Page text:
There’s a new art fair in Fort Lauderdale with scenic views of the Intracoastal Waterway. However, to see the art you have to travel by water taxi to homes along the city’s famed waterways.
Art Fort Lauderdale uses vacant homes on the real estate market to showcase the work of artists from Stuart to Miami, with most from Fort Lauderdale.
“It’s not the traditional art fair on the street,” said co-founder Andrew Martineau, 40. “The uniqueness of the event is that it’s on the water; other cities don’t have the waterways that we do.”
During the inaugural show in January water taxis left from Bahia Mar’s hotel marina, stopped at three houses where they dropped off and picked up people, and returned to the marina.
Fort Lauderdale resident Martineau, an artist who for the last 10 years has worked in marketing, advertising, and design, said he wants to provide a showcase for the work that local artists are doing in the city.
Working with a developer and two real estate businesses that are marketing their properties gives Martineau a database of potential collectors who might buy art displayed at the art fair, priced from $2,000 to $360,000.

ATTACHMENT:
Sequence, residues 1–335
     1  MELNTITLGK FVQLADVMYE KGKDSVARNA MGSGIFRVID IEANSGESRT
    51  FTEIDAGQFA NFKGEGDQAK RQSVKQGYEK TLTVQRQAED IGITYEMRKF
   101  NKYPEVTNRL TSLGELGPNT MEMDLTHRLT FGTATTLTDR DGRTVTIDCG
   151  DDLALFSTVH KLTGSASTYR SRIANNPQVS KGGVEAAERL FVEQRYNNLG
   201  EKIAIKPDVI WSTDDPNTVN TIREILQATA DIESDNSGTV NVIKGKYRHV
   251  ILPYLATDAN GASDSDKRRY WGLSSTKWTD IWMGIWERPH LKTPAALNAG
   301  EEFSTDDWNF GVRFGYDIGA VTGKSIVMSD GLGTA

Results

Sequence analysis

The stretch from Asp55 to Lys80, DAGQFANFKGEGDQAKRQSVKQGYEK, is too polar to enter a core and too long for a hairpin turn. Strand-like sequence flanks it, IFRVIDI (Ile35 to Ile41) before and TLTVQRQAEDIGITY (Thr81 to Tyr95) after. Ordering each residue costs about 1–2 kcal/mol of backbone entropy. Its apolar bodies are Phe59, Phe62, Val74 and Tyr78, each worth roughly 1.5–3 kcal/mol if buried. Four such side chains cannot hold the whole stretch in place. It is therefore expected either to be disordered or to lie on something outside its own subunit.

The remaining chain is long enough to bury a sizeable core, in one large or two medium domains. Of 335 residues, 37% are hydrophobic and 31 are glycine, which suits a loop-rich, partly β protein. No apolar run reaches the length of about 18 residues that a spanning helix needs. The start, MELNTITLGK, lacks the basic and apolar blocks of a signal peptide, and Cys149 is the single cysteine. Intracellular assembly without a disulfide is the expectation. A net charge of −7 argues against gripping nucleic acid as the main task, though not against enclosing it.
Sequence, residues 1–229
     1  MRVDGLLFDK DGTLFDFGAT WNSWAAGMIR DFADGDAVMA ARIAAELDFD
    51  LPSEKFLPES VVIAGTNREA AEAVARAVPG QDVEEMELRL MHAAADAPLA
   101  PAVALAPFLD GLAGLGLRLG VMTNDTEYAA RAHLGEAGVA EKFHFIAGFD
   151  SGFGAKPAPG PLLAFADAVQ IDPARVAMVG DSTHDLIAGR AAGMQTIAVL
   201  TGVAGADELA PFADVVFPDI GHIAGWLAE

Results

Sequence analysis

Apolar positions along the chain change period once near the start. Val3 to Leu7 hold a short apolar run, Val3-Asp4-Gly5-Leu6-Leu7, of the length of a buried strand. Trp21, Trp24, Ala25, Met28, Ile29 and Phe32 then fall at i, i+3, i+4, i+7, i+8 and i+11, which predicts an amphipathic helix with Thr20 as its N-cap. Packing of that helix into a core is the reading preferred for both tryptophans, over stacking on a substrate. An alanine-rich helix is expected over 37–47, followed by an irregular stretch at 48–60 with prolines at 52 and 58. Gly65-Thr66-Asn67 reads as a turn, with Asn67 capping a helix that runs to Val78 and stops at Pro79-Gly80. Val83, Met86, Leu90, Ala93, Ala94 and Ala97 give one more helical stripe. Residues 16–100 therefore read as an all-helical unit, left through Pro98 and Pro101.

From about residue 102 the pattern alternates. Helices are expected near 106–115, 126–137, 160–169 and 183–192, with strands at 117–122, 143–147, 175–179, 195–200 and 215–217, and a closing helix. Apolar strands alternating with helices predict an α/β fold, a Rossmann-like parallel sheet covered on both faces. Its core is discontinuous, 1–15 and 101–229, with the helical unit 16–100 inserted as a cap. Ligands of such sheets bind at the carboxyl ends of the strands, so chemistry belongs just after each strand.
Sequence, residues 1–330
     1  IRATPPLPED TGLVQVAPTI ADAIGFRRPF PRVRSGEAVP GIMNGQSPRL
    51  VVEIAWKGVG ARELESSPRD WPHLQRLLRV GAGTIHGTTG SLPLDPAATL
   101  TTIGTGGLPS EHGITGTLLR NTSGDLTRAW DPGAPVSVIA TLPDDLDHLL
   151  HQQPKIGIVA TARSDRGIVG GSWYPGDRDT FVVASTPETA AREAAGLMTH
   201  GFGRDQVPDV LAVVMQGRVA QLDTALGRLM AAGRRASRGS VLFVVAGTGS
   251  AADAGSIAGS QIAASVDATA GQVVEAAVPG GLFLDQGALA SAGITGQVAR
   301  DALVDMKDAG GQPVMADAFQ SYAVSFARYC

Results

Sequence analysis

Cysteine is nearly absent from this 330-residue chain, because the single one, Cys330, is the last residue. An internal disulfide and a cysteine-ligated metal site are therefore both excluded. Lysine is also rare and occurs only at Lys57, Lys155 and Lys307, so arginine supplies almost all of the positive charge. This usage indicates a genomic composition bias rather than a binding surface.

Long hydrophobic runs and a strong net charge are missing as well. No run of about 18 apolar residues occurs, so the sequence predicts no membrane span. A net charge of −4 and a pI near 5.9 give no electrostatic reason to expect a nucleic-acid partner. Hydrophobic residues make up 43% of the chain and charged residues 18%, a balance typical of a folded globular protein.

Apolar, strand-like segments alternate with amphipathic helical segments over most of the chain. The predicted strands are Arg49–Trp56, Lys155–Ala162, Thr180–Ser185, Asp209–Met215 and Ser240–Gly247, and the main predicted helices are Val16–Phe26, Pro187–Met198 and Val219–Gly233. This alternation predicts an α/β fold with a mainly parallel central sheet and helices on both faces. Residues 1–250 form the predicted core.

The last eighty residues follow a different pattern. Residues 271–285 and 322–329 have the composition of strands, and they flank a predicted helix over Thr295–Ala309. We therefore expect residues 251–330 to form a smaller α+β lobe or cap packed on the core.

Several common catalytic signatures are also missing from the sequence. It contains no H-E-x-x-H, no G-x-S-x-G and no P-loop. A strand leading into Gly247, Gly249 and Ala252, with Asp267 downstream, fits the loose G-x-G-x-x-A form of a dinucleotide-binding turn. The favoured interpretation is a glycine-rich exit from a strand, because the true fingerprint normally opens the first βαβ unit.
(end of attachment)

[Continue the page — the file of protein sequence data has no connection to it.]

Art Fort Lauderdale co-founder Evan Snow, 30, wants to advance the arts and culture in the city. Snow sees himself as a “cultural crusader” whose mission is to “make Fort Lauderdale more culturally diverse.”
The Broward Cultural Division worked with Snow and Martineau to market Art Fort Lauderdale through its ArtsCalendar.com website, newsletters and social media, and by sharing the call to artists on mutual and independent platforms.
“We help support the local arts scene and collectors are certainly part of its growth,” said Meredith Clements, Broward Cultural Division marketing manager. “Not many contemporary art shows promote local artists,” she added. “It’s really cool that they’re utilizing a new method for an art fair–a more intimate setting in people’s homes.
Artists Leah Brown, 34, and husband Peter Symons, 34, had their work on display inside a $22.5 million home on the Intracoastal Waterway built by Oscar Meyer for his granddaughter.
Brown’s startlingly lifelike half-human, half-animal sculptures are images from her dreams. She said she sculpts the figures that repeat in her dreams. “I’m acting as a historian of my dreams,” she said during a media tour of Art Fort Lauderdale the day before its opening.
Brown thinks the figures come from fairy tales and mythology and from growing up in Asheville, North Carolina. “For me, it’s all about the story,” she said.
Symons’ work, “In the Woods,” uses computer controlled lights to create “an abstraction of color and space.”
Other artists whose work was on display at Art Fort Lauderdale included Christian Feneck, Bonney Goldstein, Henning Haupt, Ivania Guerrero, Allison Kotzig, Donna Haynes, Alissa Alfonso, Jennifer (Jen) Clay, Anthony Burks Sr., Kevin Vigil, Laurence Gartel and Barry Gross.
See other blogs in this series, here on Arts Blog, for more interesting details about this unique Art Fair.